Canadian Magazine Industry News
17 November 2011,     MARKHAM, ONT.
Open Letter: Blue-box fee increase will "beat the spirit" out of publishers
Editor's note: In Ontario, many magazine publishers are required to pay levies to Stewardship Ontario, a government agency, to help cover the costs of the blue-box recycling program. Stewardship Ontario recently announced a 120% increase in the fees magazine publishers are expected to pay, from 2.48 cents/kg to 5.45 cent/kg. (see charts below). This increase follows rate hikes in previous years.

Newspaper publishers do not pay into the program as they have cut a deal with the agency to supply in-kind advertising.

Markham, Ont.-based publisher Michael Rosset has had enough. Here is his open letter to Stewardship Ontario:
 

To Stewardship Ontario:

For 26 years we have been an independent publisher. There are very few of us out there, with multiple titles, who continue to exist or have not been bought out by a larger company.

We have grown our company, hired numerous people, survived two recessions and never asked any level of government for any assistance. We finance ourselves and pay our taxes and take zero hand-outs from any government programme.
 
We understand there is a role for government, and protecting the environment is legitimate. But we have a right to expect cost-certainty when it comes to taxation and other costs that are imposed. And any levies should be fair and have some semblance of logic to them, beyond the simple “We need more money, therefore we are raising your fees 120%.”

Seriously?
 
I have seen the exhaustive formulae that was used to come up with this wrong answer of a 120% increase. It means nothing. It is based on wrong-headed thinking. The fact that the market for paper recovery changes or some components of your programme do not contribute as much, should not be my problem.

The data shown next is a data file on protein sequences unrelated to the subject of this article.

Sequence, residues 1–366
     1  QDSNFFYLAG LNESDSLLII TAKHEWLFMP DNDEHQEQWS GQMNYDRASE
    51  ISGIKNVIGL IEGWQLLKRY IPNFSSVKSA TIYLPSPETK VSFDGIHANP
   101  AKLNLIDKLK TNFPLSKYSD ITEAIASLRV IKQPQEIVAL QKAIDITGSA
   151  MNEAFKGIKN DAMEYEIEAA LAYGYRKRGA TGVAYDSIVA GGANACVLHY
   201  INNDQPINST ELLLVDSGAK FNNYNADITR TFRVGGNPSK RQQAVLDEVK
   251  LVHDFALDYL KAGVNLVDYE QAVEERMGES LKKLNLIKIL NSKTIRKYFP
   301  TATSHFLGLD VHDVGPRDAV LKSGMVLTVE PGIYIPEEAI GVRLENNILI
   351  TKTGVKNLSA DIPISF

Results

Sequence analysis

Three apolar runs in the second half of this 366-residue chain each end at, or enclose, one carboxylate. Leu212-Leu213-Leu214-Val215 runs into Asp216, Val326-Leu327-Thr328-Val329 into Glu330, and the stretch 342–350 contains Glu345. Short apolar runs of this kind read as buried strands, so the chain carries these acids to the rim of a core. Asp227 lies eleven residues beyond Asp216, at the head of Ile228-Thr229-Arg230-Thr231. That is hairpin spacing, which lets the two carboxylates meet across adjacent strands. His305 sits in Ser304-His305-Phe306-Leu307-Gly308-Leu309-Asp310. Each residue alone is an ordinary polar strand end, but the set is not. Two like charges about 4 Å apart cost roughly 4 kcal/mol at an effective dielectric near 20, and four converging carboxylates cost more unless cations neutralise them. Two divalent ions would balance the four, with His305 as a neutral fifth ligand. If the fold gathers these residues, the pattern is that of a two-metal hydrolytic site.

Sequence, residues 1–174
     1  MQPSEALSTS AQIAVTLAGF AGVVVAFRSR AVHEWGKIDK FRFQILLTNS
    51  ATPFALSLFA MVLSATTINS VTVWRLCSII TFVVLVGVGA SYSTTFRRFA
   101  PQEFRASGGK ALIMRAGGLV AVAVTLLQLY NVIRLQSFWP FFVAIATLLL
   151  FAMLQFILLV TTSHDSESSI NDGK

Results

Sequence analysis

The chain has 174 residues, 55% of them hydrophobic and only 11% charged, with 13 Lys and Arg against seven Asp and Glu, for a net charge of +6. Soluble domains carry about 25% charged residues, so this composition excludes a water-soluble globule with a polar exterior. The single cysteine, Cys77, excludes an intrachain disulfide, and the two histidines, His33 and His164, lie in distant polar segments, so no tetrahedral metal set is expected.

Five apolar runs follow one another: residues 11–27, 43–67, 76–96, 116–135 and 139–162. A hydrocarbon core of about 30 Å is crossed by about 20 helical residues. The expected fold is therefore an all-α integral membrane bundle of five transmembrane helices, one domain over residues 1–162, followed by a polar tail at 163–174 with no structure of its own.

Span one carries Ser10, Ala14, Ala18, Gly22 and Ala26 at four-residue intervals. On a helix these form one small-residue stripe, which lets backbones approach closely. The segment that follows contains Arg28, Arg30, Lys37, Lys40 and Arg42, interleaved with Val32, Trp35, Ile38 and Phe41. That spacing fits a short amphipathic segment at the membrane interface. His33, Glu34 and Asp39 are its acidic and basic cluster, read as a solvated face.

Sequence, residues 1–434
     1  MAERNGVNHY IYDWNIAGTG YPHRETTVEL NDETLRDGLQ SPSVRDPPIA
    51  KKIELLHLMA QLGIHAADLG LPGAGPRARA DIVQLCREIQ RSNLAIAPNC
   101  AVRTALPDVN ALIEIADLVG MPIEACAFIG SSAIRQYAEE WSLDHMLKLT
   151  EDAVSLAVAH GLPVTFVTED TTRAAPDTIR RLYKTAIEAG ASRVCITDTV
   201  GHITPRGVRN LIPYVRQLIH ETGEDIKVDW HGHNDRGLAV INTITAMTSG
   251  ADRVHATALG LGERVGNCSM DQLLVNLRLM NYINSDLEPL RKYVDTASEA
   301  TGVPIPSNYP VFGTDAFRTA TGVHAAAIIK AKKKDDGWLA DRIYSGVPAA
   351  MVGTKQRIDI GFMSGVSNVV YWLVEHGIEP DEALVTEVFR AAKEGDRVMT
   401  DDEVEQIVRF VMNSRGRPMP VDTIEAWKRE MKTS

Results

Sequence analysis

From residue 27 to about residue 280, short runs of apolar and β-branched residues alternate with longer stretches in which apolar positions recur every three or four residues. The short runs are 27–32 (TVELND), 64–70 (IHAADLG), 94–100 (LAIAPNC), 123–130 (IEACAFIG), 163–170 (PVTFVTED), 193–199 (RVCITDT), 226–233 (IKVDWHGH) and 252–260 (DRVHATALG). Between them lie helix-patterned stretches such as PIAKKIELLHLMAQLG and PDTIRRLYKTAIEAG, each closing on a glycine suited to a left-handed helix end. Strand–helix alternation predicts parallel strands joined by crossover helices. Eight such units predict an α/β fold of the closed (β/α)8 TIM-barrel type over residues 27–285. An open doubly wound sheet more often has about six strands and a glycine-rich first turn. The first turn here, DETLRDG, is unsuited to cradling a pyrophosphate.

We pay a bit more to our printer to use paper made from recycled materials.

We have printed fewer pages per issue in the last three years than we did in 2007, due to the recession and less ad revenue.

These facts would not normally lead one to predict our fees for this programme would actually rise, much less by 120 PER CENT!
 
We use less paper, but get charged more, because your programme needs more revenue?

Have you ever considered cutting costs of your operation, the way we have to do to survive, when revenues are lower?

No, because, at the end of the day, it's not your money.
 
It seems your approach is cavalier and insensitive. Who raises rates, fees, taxes or prices by 120%, especially coming out of a recession? Please don’t point back to the formula. The formula is the result of an attitude or approach which is wrong-headed at its core.
 
Besides the extra money we have to try to find for no good reason, the ultimate danger is that decisions like yours, and departments like yours, threaten to beat the entrepreneurial spirit out of people like me and companies like ours. We play by the rules as we understand them to be and try to succeed in spite of the challenges. But when you raise rates by 120% in ONE YEAR, and have had similar rate hikes several times, you are changing those rules.
 
Further, you are not fostering a level playing field. American publications are NOT subject to these tariffs. Publishers of certain size publications are not subject to this programme. You end up targeting the small businesses that do most of the investment in hiring and maintaining jobs.
 
Taxes and levies should not be arbitrary or unevenly applied. And certainly, there should be some ability to have cost certainty when running a business or indeed a household. Can you imagine having your property tax rate or income tax rate or your hydro bill or phone bill go up 120% a year?

And just for good measure, it does not apply to everyone... just you and a few others as determined by people who have decided they just need more revenue.
 
If you can imagine this, then welcome to my world.

Change your operating formula if you must. But if your answer is raising rates by 120%, then you are asking the wrong questions.
 
Michael Rosset
President/Publisher
HOMES Publishing Group
Celebrating our 27th Year
Markham, Ont.
 
 


 


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